Path to healing as First Nations inquiry starts work

Savannah Meacham |

Minister for Treaty Leeanne Enoch has named the members of the truth-telling and healing inquiry.
Minister for Treaty Leeanne Enoch has named the members of the truth-telling and healing inquiry.

The members of Queensland’s landmark truth-telling and healing inquiry have been announced as the government works to take bigger steps in closing the gap for First Nations people.

The Path to Treaty Act establishes the inquiry and a First Nations treaty Institute to provide a platform to listen and record stories of Aboriginal and Torres Strait Islanders history and culture.

The inquiry will make recommendations to government as to the best path towards healing.

“The Path to Treaty will advance the Queensland government’s commitment to Closing the Gap,” Treaty Minister Leeanne Enoch said in a statement.

The inquiry chair will be barrister Joshua Creamer, a Waanyi and Kalkadoon man who specialises in human rights, class actions and native title.

Mr Creamer said he was honoured by the appointment.

“”Aboriginal peoples and Torres Strait Islander peoples have been seeking truth-telling and healing for a long time and the establishment of the truth-telling and healing inquiry is a significant step for Queensland to take towards a better future,” he said.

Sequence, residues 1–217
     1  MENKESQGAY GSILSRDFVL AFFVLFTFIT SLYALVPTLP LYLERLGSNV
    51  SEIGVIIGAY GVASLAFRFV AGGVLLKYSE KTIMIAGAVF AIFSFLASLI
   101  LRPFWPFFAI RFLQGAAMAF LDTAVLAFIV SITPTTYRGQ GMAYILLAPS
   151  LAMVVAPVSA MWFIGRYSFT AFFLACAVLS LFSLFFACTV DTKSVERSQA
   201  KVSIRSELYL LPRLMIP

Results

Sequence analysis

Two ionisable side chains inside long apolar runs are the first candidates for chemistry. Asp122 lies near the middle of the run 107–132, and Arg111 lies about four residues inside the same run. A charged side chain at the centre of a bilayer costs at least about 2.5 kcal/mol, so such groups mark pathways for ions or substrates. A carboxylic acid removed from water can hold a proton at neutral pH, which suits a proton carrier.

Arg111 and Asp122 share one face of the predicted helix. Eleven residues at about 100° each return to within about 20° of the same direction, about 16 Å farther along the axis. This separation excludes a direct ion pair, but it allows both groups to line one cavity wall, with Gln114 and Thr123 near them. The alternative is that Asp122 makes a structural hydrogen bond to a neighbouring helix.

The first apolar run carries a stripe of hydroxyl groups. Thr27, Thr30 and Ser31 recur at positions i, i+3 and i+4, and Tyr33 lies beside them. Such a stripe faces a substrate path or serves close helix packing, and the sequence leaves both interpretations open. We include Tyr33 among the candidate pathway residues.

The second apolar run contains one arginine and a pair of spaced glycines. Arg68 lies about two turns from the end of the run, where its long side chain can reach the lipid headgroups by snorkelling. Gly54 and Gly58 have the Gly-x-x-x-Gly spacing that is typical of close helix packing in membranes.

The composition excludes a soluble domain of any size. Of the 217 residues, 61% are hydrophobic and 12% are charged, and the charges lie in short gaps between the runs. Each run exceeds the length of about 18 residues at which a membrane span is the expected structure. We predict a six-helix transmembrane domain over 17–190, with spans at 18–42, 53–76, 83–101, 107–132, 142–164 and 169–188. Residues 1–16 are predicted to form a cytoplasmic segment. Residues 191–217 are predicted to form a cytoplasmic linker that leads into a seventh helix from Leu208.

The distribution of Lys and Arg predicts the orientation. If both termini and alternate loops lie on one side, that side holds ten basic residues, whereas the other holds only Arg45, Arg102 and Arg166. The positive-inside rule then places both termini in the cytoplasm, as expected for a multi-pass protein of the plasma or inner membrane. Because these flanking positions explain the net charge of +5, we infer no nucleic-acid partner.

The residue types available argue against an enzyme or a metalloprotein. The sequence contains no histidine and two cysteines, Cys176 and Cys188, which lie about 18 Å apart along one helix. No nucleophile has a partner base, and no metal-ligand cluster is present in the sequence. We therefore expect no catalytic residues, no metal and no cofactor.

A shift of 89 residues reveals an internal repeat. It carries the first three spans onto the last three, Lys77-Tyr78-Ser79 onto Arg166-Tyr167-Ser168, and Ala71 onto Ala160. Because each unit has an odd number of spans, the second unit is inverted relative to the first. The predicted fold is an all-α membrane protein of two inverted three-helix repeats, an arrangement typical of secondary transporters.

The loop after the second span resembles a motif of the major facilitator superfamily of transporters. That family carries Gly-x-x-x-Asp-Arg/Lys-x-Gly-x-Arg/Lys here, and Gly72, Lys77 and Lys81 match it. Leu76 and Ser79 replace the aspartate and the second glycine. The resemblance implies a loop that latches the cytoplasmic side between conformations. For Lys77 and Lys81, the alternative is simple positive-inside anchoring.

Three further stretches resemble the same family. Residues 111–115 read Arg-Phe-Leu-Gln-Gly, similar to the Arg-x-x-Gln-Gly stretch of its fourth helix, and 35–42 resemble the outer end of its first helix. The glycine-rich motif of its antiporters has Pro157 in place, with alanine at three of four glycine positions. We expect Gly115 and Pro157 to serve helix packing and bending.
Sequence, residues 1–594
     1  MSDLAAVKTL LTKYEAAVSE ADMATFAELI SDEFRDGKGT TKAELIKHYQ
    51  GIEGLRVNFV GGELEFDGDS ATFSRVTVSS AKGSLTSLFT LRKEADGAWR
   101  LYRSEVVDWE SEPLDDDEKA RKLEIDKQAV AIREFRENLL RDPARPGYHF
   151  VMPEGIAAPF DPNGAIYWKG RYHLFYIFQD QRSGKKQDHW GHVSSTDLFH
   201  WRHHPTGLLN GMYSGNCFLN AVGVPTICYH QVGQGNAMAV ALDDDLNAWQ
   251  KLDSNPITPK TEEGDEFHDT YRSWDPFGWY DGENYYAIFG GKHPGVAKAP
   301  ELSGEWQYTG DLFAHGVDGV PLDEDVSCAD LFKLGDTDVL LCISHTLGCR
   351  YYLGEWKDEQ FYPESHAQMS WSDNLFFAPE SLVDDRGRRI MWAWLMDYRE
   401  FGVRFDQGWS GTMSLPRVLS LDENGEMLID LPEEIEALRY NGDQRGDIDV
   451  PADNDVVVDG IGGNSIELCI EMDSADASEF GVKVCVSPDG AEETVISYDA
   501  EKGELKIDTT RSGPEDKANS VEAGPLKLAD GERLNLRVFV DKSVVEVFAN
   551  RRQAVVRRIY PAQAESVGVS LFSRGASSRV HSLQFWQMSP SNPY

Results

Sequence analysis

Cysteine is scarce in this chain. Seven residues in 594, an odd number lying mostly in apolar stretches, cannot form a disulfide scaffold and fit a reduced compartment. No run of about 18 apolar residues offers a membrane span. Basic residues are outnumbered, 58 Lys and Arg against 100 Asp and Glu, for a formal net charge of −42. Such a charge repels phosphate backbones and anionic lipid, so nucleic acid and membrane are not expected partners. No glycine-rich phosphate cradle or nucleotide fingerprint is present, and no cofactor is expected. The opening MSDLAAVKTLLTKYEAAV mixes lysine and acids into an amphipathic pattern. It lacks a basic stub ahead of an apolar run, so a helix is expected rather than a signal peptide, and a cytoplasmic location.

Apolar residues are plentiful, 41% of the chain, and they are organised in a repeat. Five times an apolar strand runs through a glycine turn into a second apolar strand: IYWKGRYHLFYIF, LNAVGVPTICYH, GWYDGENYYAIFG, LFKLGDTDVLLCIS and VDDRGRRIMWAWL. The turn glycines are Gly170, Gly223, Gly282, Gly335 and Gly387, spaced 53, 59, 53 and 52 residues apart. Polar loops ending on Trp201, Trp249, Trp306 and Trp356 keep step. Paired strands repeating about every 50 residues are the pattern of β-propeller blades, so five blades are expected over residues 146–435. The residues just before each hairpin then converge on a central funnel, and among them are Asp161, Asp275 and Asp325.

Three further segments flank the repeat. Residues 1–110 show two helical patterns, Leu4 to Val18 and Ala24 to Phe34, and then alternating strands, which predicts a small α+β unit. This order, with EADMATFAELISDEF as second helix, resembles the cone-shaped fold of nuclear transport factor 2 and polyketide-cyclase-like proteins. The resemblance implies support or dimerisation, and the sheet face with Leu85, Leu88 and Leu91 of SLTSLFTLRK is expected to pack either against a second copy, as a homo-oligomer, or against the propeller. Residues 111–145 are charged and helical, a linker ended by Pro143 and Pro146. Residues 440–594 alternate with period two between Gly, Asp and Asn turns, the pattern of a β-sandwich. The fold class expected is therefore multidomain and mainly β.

But it was up to the community to share with the inquiry their stories and trust in the process if it was to be successful in painting a complete picture of colonisation, Mr Creamer said.

Four other members of the inquiry were also announced including Roslyn Atkinson, Cheryl Buchanan, Ivan Ingram and Vonda Malone.

The 10 members of the institute council revealed on Friday will co-develop treaty framework with the government, work with Aboriginal and Torres Strait Islander peoples to record their history of colonisation and empower them to participate in treaty negotiations.

“The Inquiry and Institute Council members will play a pivotal role in building community understanding of Queensland’s shared history and support the healing process for Aboriginal and Torres Strait Islander peoples, non-Indigenous peoples and communities,” Ms Enoch said.

The treaty laws have faced controversy after initial bipartisan backing before Opposition Leader David Crisafulli sensationally withdrew his support following the failed voice to parliament referendum in October 2023.

The legislation passed before parliament in May 2023 but was only proclaimed into law in April 2024.